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Is the future of television another article about the future of television?

Around TCA season, we always get inundated with articles related to “the future of television” or “the end of online streaming”.

It’s always funny to read these wannabe prescient articles about the rise and fall of television. Especially since they’re always reverberating the same thought over and over, year after year.

As usual, we had the one about how “live TV will be irrelevant in the future“. There’s also that other one about Netflix producing–wait for it–a bunch of original shows. Whodathunkit.
Let’s also not forget the obligatory “Netflix: Is this the end of online streaming as we know it?” versus “The future of television? HBO.

And then there’s the palme de la creme de la cherry on the top.
That one article desperately wanting to coin (and crown) a “new art form” within a sub-subset of a television trend.

This year’s winner: “Netflix is accidentally inventing a new art form — not quite TV and not quite film“.

Oh, boy.

Let’s take a glance at the article’s h3 points…

1. Binge watching versus weekly watching: It changes everything

How is this news in 2015?
Nearly six years ago (!) I wrote about that exact same thing.
You know, when House of Cards was but a twinkle in Ted Sarandos’ eye.

My point is not to back-pat myself (that sounded dirty); it is to explain that, hell no, Netflix did not create an “art form” (ugh) that predates it.

Just because you make it “easier” to do something doesn’t mean you “accidentally invent” that something.

Ford did not invent transportation.
Apple did not invent mobile communications.
Netflix did not invent binge-watching (or, as we used to call it in the good old days, TV marathons).

Hold on. Something else is coming back to me…

I remember… I remember watching X-Files episodes back-to-back on VHS in the 90s.


2. Netflix thinks more in terms of seasons than of episodes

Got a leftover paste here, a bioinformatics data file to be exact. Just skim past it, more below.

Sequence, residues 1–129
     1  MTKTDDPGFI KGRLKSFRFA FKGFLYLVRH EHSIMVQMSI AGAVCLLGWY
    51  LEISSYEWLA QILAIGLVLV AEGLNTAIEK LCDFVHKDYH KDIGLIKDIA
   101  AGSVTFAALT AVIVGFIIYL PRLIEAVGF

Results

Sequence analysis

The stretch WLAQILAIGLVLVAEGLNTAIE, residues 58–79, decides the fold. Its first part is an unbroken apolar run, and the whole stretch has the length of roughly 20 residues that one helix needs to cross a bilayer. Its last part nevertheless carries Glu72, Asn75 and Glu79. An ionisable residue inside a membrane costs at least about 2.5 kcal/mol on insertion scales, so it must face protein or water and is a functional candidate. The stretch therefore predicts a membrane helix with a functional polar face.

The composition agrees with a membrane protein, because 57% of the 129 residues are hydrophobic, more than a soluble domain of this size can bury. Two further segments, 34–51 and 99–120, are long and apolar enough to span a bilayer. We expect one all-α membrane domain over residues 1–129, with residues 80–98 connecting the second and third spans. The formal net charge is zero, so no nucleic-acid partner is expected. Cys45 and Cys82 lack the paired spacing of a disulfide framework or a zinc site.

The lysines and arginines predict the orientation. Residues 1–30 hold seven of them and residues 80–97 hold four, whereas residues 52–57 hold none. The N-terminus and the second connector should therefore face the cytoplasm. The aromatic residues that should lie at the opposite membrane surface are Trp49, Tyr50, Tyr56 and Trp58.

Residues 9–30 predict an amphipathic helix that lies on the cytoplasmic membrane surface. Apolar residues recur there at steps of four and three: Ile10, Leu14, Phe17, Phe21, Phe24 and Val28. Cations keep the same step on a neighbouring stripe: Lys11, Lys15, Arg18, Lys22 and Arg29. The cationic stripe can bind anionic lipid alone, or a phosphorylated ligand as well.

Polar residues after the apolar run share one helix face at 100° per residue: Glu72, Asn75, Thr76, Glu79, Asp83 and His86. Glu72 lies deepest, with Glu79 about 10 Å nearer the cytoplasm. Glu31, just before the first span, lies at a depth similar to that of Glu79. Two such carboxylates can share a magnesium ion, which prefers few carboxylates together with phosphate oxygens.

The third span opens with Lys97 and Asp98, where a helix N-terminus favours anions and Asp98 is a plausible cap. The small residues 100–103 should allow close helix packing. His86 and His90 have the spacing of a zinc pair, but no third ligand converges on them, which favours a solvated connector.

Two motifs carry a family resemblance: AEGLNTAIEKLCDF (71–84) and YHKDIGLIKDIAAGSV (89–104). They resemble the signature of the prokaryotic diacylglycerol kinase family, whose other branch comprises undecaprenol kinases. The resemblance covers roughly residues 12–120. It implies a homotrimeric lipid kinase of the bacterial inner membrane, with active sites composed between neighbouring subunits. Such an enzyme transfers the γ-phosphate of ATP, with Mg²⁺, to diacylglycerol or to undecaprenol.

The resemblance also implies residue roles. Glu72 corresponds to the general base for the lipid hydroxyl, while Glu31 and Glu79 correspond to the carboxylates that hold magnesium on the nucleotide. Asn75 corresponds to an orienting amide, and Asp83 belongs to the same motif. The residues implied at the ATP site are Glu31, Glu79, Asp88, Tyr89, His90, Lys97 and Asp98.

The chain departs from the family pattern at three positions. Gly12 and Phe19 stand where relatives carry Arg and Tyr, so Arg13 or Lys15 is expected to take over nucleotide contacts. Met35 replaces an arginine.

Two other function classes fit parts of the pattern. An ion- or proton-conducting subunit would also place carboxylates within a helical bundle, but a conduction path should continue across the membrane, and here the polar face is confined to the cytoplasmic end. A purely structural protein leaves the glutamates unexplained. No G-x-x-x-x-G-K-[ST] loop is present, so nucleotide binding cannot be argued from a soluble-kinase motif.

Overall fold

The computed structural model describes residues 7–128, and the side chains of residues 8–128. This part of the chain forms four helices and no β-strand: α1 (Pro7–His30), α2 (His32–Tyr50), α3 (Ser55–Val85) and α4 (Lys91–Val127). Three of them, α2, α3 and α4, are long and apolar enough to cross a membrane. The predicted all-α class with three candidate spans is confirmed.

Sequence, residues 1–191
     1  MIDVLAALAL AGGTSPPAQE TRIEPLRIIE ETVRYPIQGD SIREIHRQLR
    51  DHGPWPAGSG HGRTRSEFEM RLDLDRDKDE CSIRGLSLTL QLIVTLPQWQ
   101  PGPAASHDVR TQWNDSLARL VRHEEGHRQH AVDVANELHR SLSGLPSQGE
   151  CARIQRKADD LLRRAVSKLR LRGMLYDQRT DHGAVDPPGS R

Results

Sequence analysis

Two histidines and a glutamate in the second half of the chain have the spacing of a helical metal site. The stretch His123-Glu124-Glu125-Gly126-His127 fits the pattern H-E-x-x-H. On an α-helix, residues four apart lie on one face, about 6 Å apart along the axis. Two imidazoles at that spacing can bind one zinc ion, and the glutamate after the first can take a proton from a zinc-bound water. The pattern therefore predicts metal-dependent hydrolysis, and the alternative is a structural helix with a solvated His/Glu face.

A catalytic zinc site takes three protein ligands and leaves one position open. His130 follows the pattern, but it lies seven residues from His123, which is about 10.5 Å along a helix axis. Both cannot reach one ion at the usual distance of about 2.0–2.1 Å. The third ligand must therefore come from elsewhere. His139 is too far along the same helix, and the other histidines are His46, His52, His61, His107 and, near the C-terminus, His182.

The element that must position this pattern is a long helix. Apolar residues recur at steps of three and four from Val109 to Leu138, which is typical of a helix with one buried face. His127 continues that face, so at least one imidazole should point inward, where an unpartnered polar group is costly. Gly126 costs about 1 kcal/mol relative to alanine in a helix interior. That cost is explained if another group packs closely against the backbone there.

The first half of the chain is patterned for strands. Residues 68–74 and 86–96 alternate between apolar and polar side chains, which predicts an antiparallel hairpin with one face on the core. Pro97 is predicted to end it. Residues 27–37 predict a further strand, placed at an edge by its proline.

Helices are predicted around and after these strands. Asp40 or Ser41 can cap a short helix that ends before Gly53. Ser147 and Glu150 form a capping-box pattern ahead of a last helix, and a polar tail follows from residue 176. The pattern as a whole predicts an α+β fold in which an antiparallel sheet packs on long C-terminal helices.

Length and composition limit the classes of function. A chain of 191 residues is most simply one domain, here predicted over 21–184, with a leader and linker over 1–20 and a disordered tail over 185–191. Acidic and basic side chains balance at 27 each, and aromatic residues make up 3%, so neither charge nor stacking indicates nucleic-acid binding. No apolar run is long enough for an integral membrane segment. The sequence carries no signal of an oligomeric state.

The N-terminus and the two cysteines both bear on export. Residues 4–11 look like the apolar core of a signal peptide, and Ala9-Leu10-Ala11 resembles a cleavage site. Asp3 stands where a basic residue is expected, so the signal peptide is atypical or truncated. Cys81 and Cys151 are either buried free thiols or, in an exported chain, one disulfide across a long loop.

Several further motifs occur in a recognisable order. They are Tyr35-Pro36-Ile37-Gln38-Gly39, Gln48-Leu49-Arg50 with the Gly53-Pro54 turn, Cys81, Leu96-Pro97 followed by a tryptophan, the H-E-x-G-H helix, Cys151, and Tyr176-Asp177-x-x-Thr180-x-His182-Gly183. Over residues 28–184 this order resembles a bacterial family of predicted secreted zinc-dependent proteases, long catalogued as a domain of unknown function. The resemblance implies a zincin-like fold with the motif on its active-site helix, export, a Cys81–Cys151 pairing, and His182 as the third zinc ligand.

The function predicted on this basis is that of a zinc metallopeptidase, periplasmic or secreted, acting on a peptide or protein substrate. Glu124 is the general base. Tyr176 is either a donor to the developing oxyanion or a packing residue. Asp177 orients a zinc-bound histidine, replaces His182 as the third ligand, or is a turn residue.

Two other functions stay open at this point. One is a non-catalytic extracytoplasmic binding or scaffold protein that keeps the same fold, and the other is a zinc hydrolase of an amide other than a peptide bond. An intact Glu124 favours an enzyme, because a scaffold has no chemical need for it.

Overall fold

Should I really bother talking, yet again, about the concept of “bigger picture” in television?
ABC renewed Lost for three seasons in 2007.
We can all move on now.

3. But the 10-hour story is still a new craft — and an imperfect one

And film is in its infancy compared to literature.

Truth is “10-hour stories” are older than American Idol.

Ever heard of a show called Roots? Or HBO’s Band of Brothers? Or Sci-Fi’s Taken?
I hadn’t, and then I googled “mini-series”.

“Mini-series”, “limited series”, “event series”, “anthology seasons”. Call them what you want. It’s all semantics.
Roots and True Detective are, at the end of the day, close-ended 8-hour narratives.

But then, you tell me, this isn’t about anthology seasons. It’s about shorter seasons!
And, once again, I’ll point you to a distant post from the distant past.

The year was 2008.

Here are nine ideas to save television“, I bravely claimed. And one was about shorter seasons:

Remember Dirty Sexy Money? Probably not, because it only had 13 episodes last season.
But that’s okay.
Less is definitely more when it comes to shows like Lost. A radically shorter season definitely helped the show to condense its mythology and get on with the answers instead of waiting around for 5 other episodes.
It might not be that good for the Big Five in terms of cash but in a qualitative way, it’s certainly a game-changer.

Now, combine shorter seasons with 55-minute long shows around the year available for free whenever wherever on VOD.
Welcome to the new world, Networks.


Look. I understand the temptation to be right about “the future of television” or the desperation to be the first to “call” something. We’re all guilty of this. But if you really want to do that, at least have something new to say.
Why are you shocked HBO is going into sports (“Inside the NFL” anyone?) or that Netflix is doing–gasp!–original programming.

We all know Ted Sarandos’ provocative statement about how Netflix’s goal “is to become HBO faster than HBO can become us.”
That was three years ago.

And this brings us full-circle to the reason of this entire post–or rant.
Maybe I needed to air my frustration about TV circlejerking.
Maybe I needed to point out how ridiculously narrow these echo chambers have become.
Or, maybe, I needed to quote this actual statement about HBO Now and Netflix:

If, as The Awl’s John Hermann argues, “the next Internet is TV,” then subscription-based streaming services are the next Facebook.

I thought orange was the new black? Wait, what is this again?
Oh. Now I remember.
It’s not TV, it’s articles about TV.

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